In particular he discusses my reference and interpretation of Psalms of Solomon 17:30-31. I was unaware of his discussion of this in his own work and his dependence on Bauckham.
If Joel is right about this passage, then, to my mind, the Psalms of Solomon would be an exception to the rule that divine glory in the biblical and Jewish tradition is withheld from the king and royal messiah. As it is, and to quote from my own published words (in JM 1, p. 231, n. 59), “I agree with [Richard] Bauckham (God of Israel, 228–29) that Ps. Sol. 17:31 does not refer to the glory of the coming royal messiah as the glory of Yhwh-Kyrios … The context and other references to the glory of Jerusalem (in Pss. Sol. 2:19, 21; 11:7) show that the reference is to the glory of the restored holy city.”
He adds to further technical points to substantiate the claim that 17:31 “does not refer to the glory of the coming royal messiah as the glory of YHWH-Kyrios”. Crispin proposes this translation of 17:31 as an alternative to Wright’s in Charlesworth:
“… for the nations to come from the ends of the earth to see its [Jerusalem’s] glory to bring as gifts her children who had fainted, and to see the glory of the Lord with which God has glorified her.”
Was Bauckham correct? And is Cripsin? I think he’s right in what he affirms and wrong in what he denies. So I would not disagree that the glory of Jerusalem is both mentioned and a significant theme in the passage. Still there are grammatical and textual reasons that support my reading and the translation history of both Wright and earlier Charles (“So that nations shall come from the ends of the earth to see his glory“), which both read the passage as a reference to the Messiah’s glory.
- Crispin’s translation of the Greek phrase τὴν δόξαν αὐτοῦ as “it’s [Jerusalem’s] glory” does not work grammatically. The pronoun autou is masculine singular and its antecedent must agree with the gender. So the two options in the near context for the antecedent is either the Messiah or God. Given the focus of the actions in these verses surrounding the Son of David the antecedent of autou is the Messiah. In any event this cannot be Jerusalem because the term in Greek is feminine – as Crispin notes.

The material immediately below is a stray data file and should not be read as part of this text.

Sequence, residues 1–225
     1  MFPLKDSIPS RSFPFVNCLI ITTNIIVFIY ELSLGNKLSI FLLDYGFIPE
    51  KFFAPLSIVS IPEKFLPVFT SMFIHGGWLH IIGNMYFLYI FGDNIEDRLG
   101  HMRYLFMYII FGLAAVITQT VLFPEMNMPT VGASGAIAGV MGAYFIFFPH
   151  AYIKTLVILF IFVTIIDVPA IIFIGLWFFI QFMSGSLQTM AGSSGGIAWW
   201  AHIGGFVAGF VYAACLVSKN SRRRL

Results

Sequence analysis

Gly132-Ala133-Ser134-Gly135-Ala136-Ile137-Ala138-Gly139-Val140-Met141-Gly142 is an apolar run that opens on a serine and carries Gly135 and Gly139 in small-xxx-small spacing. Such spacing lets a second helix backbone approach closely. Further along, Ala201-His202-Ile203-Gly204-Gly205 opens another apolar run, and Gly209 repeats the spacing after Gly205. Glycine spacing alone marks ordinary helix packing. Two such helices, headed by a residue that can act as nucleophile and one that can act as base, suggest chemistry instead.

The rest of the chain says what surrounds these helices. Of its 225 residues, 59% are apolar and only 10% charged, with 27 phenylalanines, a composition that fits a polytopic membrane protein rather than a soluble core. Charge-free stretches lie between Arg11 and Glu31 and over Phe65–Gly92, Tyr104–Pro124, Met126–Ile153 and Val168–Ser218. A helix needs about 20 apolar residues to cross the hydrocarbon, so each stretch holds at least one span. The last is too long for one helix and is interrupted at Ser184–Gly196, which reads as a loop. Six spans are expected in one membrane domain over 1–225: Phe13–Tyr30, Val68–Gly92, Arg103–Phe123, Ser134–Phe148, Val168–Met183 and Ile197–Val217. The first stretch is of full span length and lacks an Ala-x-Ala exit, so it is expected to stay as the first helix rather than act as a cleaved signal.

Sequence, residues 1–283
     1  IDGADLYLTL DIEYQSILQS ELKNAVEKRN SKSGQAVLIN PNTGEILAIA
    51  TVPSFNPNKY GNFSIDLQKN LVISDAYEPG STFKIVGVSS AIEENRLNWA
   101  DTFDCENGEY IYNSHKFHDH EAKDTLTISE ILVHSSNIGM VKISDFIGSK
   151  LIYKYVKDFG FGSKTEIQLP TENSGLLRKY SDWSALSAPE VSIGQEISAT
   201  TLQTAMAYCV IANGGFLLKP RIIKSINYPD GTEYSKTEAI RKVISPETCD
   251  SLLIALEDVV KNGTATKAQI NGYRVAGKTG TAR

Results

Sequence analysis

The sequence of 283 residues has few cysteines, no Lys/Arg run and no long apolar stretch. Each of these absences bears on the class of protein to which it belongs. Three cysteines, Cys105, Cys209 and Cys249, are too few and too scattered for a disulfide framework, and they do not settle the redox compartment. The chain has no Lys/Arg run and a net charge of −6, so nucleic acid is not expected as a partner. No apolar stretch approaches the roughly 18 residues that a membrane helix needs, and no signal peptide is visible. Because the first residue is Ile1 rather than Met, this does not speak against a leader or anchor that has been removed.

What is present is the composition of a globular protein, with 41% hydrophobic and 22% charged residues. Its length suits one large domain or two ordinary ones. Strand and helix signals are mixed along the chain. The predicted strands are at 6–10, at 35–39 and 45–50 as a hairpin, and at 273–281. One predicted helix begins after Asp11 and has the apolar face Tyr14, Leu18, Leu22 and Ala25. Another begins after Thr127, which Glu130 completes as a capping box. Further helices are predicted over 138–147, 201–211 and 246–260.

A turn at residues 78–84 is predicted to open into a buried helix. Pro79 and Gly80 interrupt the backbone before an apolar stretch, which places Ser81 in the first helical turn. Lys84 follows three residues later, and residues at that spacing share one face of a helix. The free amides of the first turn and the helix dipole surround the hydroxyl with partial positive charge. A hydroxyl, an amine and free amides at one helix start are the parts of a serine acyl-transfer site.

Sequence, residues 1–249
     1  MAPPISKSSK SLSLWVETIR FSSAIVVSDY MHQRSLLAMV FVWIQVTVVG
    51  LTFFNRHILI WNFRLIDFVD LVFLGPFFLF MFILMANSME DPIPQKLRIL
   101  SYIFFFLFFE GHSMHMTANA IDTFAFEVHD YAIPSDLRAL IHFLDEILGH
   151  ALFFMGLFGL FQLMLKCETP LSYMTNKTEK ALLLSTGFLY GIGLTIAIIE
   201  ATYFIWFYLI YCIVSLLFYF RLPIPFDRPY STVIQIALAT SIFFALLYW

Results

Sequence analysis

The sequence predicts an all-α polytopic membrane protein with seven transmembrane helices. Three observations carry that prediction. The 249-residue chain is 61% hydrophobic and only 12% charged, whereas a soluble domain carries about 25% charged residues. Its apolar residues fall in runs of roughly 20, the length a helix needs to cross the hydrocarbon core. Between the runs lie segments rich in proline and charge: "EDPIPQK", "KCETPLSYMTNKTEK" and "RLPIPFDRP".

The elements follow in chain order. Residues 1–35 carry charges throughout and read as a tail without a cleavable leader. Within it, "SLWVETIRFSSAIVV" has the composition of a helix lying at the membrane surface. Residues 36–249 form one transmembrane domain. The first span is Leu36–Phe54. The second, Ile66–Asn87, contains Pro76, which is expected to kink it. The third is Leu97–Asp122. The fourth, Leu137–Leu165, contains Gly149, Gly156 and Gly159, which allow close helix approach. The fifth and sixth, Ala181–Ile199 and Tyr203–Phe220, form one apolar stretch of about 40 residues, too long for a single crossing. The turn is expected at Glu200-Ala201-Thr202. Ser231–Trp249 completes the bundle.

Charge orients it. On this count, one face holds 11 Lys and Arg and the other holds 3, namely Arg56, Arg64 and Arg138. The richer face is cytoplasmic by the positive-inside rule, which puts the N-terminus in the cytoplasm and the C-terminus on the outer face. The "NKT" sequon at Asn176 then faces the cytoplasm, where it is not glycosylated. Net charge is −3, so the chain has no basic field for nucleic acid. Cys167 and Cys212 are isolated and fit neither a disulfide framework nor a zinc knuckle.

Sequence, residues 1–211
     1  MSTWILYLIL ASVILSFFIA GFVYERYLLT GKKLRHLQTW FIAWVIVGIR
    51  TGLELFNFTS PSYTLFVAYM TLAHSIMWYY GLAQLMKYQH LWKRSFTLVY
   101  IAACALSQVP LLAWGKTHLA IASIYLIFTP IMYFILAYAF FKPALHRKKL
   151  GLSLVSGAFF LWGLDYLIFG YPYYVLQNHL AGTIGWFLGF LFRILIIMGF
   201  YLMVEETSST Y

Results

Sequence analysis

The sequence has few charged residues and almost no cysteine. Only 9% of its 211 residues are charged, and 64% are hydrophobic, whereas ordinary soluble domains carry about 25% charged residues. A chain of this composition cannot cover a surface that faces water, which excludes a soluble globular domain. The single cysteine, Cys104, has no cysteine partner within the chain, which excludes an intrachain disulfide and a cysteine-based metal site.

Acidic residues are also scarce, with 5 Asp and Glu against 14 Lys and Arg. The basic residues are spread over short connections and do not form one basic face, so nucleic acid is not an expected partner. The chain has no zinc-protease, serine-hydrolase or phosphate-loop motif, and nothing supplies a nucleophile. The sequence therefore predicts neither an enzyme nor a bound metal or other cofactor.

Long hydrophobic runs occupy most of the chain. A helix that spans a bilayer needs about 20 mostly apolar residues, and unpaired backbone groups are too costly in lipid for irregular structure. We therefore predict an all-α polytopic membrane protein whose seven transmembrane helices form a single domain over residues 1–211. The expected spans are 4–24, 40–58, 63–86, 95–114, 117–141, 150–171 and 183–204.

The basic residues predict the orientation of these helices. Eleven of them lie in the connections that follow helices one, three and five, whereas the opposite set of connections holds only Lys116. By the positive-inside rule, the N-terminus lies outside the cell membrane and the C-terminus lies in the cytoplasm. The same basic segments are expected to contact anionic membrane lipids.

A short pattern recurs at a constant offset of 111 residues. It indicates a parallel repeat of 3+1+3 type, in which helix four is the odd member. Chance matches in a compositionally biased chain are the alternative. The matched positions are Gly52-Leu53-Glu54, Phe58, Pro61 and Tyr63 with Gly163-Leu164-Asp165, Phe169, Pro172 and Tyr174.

- Furthermore, the whole section 17:26-44, describes the nature of his person and the quality of his reign progressively in five discrete units: the Davidic king will powerfully lead the Lord’s flock by (1) gathering and reconstituting the sanctified tribes of Israel in the Land (17:26-28), (2) judging the nations from the glorious restored city of Jerusalem (17:29-31), (3) governing Jew and non-Jew righteously by remaining faithful to the covenant stipulations (17:32-34a), (4) showing mercy to the nations and blessing Israel (17:34b-36), (5) being invincible against every foe because of his faith in YHWH, and (6) shepherding impartially so that none are oppressed (17:40-41). Most of the actions in the list were actions the OT ascribed to Yahweh not to the Messiah in the eschaton (eg. Ezek. 34-37). What seems clear is that the author has amalgamated the actions of Yahweh and the Messiah: Messiah’s works and God’s works. This means that when the Messiah is acting, God is acting.
- According to the Chronicler, David’s kingdom is God’s kingdom (2 Chron. 13:8) and David is a Priest-King. While not replacing the Aaronic priesthood, he conducts priestly service independent of it. The priestly nature of his kingship is affirmed. This priest-king role is unique to the reframing of kingship in Chronicles and is complemented by royal Psalms (eg. 110). It has been established that Pss. Sol. has a strong priestly interest in spite of the absence of an interest in the Temple.
So I contend that Pss. Sol. 17:30-31 names glories of the Messiah and God and the resultant glory of Jerusalem as a consequence of the Messiah’s/God’s actions. Thus, I believe this is ample evidence that within a Davidic-restorative stream of Second Temple Judaism, Davidic kingship, which emerged from the Davidic covenant tradition developed through the later Scriptural reflections/revisions contained in Chronicles and the Psalms and into the late first century BC, amalgamated the glory of the King and Yahweh. The NT’s Davidic christology reflects this tendency.